Exploring Hyperbaric Oxygen Therapy (HBOT) andIts Role in Wound Healing by Dr Surya Teja

Exploring Hyperbaric Oxygen Therapy (HBOT) andIts Role in Wound Healing by Dr Surya Teja

Exploring Hyperbaric Oxygen Therapy (HBOT) andIts Role in Wound Healing


Hyperbaric Oxygen Therapy involves exposing patients to 100%oxygen at pressures greater than atmospheric pressure. This high-pressureenvironment allows the lungs to absorb more oxygen, which is then dissolvedinto the bloodstream and delivered to tissues throughout the body. HBOTsessions typically last between 60 to 90 minutes and may be repeated overseveral weeks depending on the condition being treated.(1)

The number ofindications for which HBOT has been used has been steadily increasing so muchso that 132 are documented past and present indications for which it has beenused. Some of these indications include diabetic foot ulcers, crush injury,compartment syndrome, decompression illness, and severe anemia. Undersea andHyperbaric Medicine Society (UHMS) has recognized various indications as“Approved” indications. These indications had also been approved by the BritishHyperbaric Association. (1)

Apart from theapproved indications, several areas are being explored to determine if HBOTmight be of some clinical benefit. These areas include senility, stroke,multiple sclerosis, sports injuries, high altitude illness, myocardialinfarction, brain injuries, migraine, glaucoma, head injuries, management ofchronic fatigue in HIV-positive patients, and enhancement of survival in freeflaps. (1)


HBOT in sports:

Hyperbaric oxygen therapy has become popular among injuredathletes because of its hypothetical benefits on accelerated recovery,especially among professional athletes or those with substantial financialresources.(2) Under the effect of HBOT,the transition from an inflammatory state to a proliferative state isaccelerated. This accelerated transition has been evidenced by the increase inthe number of anti-inflammatory macrophages compared to pro-inflammatory macrophages(2)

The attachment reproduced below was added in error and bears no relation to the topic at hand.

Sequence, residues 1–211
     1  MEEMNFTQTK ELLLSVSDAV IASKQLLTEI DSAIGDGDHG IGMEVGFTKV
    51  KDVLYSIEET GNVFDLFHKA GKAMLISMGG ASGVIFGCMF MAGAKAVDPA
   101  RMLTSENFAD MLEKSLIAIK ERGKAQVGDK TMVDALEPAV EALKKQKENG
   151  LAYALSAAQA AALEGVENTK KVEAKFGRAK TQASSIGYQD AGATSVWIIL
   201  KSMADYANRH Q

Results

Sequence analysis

HBOT in angiogenesis:

By amultifactorial process, HBOT improves angiogenesis. Collagen is the basicmatrix for angiogenesis because both fibroblast development and collagensynthesis are dependent on oxygen. Furthermore, it is probable that HBOTactivates growth factors, especially vascular endothelial growth factor (VEGF),which in turn influences angiogenesis and additional mediators of the woundhealing process. Hyperbaricoxygen also has been shown to have direct and indirect antimicrobial activity. (3)


HyperbaricOxygen Therapy (HBOT) is a potentially effective therapeutic method to promotewound healing. HBOT optimizes the body's natural healing processes bystimulating angiogenesis, decreasing inflammation, enhancing oxygen flow totissues, and exerting antimicrobial effects. Clinical research has shown thatHBOT is effective in accelerating the healing of a variety of lesions, such asradiation-induced tissue damage and diabetic foot ulcers. HBOT might become auseful supplemental treatment for people with chronic or non-healing wounds.




1.              Bhutani S, Vishwanath G.Hyperbaric oxygen and wound healing. Indian J Plast Surg. 2012May;45(02):316–24.

2.              Moghadam N, HiedaM, Ramey L, Levine BD, Guilliod R. Hyperbaric Oxygen Therapy in SportsMusculoskeletal Injuries. Medicine & Science in Sports & Exercise. 2020Jun;52(6):1420.

3.              De Wolde SD,Hulskes RH, Weenink RP, Hollmann MW, Van Hulst RA. The Effects of HyperbaricOxygenation on Oxidative Stress, Inflammation and Angiogenesis. Biomolecules.2021 Aug;11(8):1210.